Political discourse nowadays is enough to depress anyone, and the media don’t help by ignoring good economic news. But buck up, Americans: Worker wages are growing much faster than previously reported.
The Bureau of Economic Analysis (BEA) on Tuesday published its annual revisions to personal income data, and the surprise was the huge jump in disposable income and employee compensation.
The revisions show that employee compensation rose 4.5% in 2017 and 5% in 2018—some $4.4 billion and $87.1 billion more than previously reported. The trend has continued into 2019, with compensation increasing $378 billion or 3.4% in the first six months alone. Wages and salaries were revised upward to 5.3% from 3.6% in May year over year. And in June wages and salaries grew at an annual rate of 5.5%, which is a rocking 4.1% after adjusting for inflation. . . .
The BEA also revised overall personal income up by 1.7% for 2017 and 2018 and transfer receipts down 0.7%. In sum, Americans are earning more and relying less on government. Personal savings estimates were also increased by $217 billion for the last two years and are now $1.3 trillion, which means Americans are socking away more of their earnings.
The personal savings rate was revised upward to 8.1% from 6.1% in May, which is much higher than the roughly 5% before the last two recessions. This should make the current economic expansion more durable since consumption isn’t being pumped up largely by increased household debt. Instead consumer spending has increased as wage growth has accelerated amid a tight labor market.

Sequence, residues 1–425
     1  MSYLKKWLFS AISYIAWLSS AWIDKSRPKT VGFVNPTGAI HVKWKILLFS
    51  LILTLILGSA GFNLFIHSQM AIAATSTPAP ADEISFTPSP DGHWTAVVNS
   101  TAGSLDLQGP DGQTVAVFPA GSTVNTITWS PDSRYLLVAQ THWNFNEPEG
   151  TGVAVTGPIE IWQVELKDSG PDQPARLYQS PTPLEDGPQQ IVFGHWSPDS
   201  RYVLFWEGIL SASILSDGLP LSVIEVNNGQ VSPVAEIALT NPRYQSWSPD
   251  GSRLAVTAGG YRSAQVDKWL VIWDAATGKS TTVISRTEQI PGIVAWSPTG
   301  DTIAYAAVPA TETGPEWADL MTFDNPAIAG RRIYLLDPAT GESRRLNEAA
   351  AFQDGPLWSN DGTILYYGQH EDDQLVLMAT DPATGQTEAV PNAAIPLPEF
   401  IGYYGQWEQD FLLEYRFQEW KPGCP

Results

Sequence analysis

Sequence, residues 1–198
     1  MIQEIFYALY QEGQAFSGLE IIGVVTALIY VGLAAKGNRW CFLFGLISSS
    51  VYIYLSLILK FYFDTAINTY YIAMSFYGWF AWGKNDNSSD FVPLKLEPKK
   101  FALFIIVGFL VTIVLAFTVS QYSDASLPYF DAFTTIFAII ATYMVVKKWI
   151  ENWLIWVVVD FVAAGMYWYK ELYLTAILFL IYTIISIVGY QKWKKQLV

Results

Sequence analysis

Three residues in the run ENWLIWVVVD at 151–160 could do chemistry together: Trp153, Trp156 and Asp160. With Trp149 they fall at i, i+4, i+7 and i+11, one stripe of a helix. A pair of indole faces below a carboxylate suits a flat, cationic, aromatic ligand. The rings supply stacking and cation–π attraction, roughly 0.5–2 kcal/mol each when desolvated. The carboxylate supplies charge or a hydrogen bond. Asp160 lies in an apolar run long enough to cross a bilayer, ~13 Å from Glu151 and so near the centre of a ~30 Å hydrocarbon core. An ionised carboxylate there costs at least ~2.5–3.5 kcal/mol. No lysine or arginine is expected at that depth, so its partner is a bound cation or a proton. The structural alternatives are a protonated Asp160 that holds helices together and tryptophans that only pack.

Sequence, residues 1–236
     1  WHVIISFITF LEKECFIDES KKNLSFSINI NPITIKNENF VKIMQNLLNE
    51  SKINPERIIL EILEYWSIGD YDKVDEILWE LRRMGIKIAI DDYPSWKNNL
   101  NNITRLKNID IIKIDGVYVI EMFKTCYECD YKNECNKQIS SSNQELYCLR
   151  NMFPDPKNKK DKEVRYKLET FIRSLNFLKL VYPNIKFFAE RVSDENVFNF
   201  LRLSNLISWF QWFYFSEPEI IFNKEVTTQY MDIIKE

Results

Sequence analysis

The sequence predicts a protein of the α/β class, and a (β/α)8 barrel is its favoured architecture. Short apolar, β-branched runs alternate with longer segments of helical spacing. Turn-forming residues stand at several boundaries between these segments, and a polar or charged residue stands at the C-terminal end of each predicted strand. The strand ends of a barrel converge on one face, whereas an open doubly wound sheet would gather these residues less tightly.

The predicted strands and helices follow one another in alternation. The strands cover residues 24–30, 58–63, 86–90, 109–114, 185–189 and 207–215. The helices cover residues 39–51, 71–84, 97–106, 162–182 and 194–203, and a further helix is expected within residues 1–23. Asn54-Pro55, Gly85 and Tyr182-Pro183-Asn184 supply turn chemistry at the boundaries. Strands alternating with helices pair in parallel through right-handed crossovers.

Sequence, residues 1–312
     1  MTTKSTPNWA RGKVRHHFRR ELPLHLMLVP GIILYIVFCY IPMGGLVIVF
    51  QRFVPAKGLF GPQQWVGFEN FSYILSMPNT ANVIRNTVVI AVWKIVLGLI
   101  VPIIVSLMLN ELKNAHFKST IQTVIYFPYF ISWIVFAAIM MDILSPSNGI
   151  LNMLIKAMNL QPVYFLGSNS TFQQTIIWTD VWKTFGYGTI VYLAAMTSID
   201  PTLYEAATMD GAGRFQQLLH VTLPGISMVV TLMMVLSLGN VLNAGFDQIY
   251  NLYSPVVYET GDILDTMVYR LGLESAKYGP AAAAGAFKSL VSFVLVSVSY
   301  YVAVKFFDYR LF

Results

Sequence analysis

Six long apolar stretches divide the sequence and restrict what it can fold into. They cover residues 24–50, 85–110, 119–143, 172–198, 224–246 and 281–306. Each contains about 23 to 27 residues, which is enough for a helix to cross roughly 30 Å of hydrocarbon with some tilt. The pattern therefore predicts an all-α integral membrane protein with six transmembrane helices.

Recall how liberals blamed “secular stagnation” as the reason worker incomes weren’t growing faster during the latter years of Barack Obama’s Presidency. Yet employee compensation has increased by $150 billion more in the first six months of 2019 than all of 2016. Compensation increased 42% more during the first two years of the Trump Presidency than in 2015 and 2016. This refutes the claim by liberals that the economy has merely continued on the same trajectory since 2017 as it was before.
The economy barely skirted recession in the final Obama years, and economic policy changed in 2017. Deregulation has unleashed repressed animal spirits, especially in energy. Tax reform has also spurred business investment in new facilities and equipment, which over time should translate into higher worker productivity and wages.
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